FIG. 6 is a schematic elevational view similar to FIGS. 4 and 5 showing the control arrangement with both the trigger valve and the safety valve operated to produce tool operation;

FIG. 7 is a schematic sectional view similar to FIGS. 4-6 showing the control arrangement in a position preventing tool operation resulting from operation of the trigger valve prior to the operation of the safety valve;

FIG. 8 is a schematic fragmentary sectional view of a second safety control arrangement for the tool shown in FIG. 1, the control arrangement being shown in its normal position;

FIG. 9 is a fragmentary sectional view similar to FIG. 8 showing a safety valve means in an operated state;

FIG. 10 is a fragmentary sectional view similar to FIGS. 8 and 9 showing the safety control arrangement with the trigger and safety valves operated to control the operation of the tool;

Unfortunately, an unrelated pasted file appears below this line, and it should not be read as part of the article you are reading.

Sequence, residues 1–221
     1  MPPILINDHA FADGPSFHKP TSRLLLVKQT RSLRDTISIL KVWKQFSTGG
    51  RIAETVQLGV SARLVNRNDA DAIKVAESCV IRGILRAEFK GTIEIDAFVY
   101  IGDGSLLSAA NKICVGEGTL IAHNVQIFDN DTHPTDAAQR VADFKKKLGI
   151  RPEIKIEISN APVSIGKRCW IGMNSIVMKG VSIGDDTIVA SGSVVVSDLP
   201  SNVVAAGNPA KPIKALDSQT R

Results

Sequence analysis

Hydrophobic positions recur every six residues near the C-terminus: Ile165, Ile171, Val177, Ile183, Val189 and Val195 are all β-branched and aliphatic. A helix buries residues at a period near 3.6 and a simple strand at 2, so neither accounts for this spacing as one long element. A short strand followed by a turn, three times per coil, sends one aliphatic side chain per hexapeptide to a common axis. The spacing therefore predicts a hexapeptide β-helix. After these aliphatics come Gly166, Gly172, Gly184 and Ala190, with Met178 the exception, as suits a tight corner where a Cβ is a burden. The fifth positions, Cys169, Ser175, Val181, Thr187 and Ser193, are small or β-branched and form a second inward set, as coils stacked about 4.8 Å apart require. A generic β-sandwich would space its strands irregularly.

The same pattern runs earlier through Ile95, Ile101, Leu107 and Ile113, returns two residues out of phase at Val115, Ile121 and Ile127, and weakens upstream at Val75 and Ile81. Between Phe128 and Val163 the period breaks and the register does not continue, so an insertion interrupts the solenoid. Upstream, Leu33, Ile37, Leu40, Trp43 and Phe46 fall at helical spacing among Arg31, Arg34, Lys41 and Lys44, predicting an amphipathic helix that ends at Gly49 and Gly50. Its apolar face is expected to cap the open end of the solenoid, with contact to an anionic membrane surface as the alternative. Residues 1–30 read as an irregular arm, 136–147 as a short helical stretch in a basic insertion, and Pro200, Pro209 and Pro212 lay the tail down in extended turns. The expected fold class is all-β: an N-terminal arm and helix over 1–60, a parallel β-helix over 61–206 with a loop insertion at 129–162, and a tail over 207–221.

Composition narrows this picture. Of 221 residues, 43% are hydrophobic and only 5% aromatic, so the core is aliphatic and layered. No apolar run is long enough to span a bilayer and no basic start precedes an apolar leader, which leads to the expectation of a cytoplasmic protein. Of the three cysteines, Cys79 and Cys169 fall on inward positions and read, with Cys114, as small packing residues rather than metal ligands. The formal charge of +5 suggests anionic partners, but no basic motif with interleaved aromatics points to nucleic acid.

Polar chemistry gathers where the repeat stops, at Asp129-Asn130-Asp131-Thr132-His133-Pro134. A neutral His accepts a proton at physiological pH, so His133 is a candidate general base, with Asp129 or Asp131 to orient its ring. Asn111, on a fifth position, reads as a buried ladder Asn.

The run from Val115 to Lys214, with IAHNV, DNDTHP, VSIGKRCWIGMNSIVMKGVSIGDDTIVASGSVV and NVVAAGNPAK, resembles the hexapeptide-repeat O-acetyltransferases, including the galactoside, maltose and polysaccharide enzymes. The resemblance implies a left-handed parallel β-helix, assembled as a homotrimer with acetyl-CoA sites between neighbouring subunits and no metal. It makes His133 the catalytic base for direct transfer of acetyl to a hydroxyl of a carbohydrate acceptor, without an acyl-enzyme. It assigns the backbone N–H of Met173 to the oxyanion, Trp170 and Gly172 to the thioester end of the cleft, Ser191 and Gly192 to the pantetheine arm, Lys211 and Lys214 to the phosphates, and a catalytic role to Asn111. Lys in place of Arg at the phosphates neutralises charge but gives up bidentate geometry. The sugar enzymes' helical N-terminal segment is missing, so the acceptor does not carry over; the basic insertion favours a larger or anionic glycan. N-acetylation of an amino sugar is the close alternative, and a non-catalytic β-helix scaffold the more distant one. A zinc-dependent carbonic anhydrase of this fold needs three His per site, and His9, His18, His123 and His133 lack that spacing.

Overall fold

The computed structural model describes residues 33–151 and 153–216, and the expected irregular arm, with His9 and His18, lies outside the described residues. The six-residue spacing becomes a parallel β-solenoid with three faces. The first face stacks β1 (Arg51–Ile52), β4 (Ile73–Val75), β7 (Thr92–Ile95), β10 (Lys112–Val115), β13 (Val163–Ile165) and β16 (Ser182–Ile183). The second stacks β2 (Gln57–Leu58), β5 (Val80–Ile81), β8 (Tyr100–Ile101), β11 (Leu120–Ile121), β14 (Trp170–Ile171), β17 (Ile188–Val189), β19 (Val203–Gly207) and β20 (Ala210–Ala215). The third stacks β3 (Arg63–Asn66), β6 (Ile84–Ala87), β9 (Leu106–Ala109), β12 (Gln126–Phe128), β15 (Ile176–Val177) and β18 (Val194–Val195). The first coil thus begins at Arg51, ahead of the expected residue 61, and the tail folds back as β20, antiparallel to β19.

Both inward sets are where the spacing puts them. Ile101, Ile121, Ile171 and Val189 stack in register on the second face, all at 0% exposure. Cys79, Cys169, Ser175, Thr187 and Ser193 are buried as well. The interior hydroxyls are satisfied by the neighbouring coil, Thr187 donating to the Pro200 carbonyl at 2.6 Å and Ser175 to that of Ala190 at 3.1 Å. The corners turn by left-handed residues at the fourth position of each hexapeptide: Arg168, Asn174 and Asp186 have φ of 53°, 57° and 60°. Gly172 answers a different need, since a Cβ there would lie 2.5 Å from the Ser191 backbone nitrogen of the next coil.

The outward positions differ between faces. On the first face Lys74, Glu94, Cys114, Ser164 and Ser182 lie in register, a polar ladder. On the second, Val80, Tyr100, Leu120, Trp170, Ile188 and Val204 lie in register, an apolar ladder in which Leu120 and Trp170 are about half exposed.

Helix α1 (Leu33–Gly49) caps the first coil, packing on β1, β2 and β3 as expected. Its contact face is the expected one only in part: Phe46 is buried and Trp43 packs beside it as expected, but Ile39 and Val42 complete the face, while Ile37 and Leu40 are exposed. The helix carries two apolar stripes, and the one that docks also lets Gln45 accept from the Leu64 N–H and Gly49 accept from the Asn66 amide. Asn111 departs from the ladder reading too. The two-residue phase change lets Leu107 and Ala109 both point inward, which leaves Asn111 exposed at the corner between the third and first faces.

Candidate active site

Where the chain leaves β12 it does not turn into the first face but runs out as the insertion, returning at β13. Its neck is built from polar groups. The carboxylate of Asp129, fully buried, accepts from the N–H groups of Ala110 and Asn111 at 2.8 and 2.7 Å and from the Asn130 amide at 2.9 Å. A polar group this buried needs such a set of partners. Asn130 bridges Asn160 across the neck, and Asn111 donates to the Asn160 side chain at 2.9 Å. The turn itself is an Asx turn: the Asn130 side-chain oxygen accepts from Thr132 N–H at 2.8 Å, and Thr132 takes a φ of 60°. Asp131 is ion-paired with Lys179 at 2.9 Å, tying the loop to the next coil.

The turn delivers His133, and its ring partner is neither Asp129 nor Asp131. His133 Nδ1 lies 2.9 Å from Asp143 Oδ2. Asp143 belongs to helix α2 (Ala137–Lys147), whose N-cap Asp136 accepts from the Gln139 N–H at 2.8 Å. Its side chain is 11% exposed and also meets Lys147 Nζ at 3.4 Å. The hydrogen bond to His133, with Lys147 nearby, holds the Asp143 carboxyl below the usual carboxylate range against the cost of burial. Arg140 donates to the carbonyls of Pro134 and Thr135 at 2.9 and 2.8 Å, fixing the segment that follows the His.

FIG. 11 is a fragmentary sectional view similar to FIGS. 8-10 showing the safety control arrangement in a setting preventing operation of the tool arising from premature operation of the trigger valve means;

FIG. 12 is a fragmentary sectional view of a third embodiment of a safety control arrangement for the tool shown in FIG. 1, the arrangement being shown in a normal position;

FIG. 13 is a fragmentary sectional view similar to FIG. 12 illustrating the setting of the arrangement used to effect operation of the tool;

FIG. 14 is a fragmentary sectional view similar to FIGS. 12 and 13 illustrating the safety valve means in a released position and a trigger valve means in an operated position; and

FIG. 15 is a fragmentary sectional view similar to FIGS. 12-14 illustrating the safety valve means in an operated position and the trigger valve means in a normal position.